Varicose veins can be effectively treated with foam sclerotherapy
Points to note before treatment
What you should do before foam sclerotherapy
When is treatment not possible?
You must not have foam sclerotherapy
- if you are allergic to polidocanol (lauromacrogol 400) or any other component of the sclerosant.
- if you are currently suffering from a severe systemic disease (for example, acute leukaemia or acute liver insufficiency).
- if you have severe peripheral arterial occlusive disease (a disorder of the arterial circulation in the legs).
- if you have a deep vein thrombosis or pulmonary embolism.
- if you have a high risk of thrombosis. This could be, for example, a known, inherited tendency to thrombosis (thrombophilia) or if you have to lie in bed with a plaster cast for a long time after an injury.
- if you know you have a patent foramen ovale (an atrial septal defect or ‘hole in the heart’) that is causing symptoms.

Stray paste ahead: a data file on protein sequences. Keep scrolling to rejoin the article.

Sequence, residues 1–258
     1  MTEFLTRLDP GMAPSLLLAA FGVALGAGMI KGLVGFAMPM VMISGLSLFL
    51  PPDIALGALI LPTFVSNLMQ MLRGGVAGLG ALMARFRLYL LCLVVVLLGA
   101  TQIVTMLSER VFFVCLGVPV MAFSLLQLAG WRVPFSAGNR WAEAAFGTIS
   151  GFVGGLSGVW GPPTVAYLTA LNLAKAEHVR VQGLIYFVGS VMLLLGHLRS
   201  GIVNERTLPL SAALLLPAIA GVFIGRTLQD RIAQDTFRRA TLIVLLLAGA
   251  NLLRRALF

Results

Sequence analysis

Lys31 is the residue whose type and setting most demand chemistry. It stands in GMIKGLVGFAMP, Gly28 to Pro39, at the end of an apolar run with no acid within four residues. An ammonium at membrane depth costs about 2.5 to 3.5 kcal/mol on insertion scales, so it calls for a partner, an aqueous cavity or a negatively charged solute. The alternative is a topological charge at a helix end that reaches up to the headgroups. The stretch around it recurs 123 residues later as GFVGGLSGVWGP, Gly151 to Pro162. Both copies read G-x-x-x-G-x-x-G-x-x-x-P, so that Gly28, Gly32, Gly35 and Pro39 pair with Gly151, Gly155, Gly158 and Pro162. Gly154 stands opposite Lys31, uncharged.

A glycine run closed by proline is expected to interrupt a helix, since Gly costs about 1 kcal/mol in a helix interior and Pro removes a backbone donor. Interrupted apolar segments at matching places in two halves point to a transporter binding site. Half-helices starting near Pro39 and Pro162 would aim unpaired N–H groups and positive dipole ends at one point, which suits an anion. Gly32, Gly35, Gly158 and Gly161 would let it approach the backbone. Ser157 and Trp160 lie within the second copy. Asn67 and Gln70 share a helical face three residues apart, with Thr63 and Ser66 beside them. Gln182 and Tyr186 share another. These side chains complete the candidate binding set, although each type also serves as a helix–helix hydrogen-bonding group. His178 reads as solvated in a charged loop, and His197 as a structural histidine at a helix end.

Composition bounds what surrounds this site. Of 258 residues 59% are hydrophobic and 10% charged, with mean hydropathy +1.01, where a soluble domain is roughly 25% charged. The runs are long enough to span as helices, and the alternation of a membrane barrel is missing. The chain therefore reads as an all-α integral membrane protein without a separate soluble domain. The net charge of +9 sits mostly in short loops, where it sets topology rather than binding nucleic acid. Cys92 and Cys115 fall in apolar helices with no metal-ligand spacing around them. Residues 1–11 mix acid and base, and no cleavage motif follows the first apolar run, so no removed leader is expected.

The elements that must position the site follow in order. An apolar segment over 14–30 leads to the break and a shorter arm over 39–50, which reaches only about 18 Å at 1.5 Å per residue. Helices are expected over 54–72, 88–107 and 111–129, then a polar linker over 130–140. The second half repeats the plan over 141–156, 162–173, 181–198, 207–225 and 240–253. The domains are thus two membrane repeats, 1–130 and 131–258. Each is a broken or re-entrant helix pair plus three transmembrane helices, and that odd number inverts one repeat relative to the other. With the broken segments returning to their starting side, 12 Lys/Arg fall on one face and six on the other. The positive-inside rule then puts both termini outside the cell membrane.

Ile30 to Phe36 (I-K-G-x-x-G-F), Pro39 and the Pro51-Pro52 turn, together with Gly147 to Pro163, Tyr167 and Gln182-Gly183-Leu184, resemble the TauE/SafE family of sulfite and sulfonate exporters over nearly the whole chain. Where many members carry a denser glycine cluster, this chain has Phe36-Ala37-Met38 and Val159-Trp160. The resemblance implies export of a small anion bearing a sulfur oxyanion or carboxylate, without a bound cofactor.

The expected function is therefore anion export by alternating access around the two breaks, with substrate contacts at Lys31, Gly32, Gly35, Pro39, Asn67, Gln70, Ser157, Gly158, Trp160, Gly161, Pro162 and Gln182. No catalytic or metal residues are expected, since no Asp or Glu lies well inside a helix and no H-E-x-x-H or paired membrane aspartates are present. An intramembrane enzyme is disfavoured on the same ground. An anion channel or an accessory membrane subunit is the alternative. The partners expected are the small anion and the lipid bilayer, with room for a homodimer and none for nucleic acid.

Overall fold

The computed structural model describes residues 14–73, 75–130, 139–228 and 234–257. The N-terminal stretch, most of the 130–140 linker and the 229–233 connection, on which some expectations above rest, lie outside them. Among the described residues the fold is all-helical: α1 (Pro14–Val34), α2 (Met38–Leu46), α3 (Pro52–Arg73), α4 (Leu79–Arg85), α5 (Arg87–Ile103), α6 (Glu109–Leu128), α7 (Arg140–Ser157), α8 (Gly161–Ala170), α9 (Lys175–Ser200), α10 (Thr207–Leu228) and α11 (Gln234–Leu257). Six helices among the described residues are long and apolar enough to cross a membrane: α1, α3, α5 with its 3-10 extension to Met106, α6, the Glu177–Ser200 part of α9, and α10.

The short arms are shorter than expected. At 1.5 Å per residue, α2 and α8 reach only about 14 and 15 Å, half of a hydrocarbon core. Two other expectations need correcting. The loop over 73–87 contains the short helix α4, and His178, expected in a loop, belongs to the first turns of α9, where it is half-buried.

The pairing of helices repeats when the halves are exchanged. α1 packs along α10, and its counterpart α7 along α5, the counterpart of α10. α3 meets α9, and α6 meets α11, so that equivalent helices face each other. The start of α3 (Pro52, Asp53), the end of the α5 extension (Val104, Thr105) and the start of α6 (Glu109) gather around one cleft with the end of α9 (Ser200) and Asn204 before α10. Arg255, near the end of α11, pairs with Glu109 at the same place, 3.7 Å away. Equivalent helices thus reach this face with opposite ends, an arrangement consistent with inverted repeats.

Your doctor will discuss any other illnesses that have to be considered.
If there is any possibility that you could be pregnant at the present time, you must tell your doctor about this without fail before starting treatment.
On the day of treatment
- If you are acutely unwell on the day of treatment and/or have an infection associated with fever, call your doctor and ask whether the treatment session should be postponed.
- Do not plan any other procedures for the same day, but rather concentrate entirely on the treatment of your varicose veins.
- It is better not to shave your legs on the day of treatment, as the skin disinfectant used prior to the injections may sting.
- Do not apply any moisturizer on the area to be treated.
- You do not need to have an empty stomach for your treatment.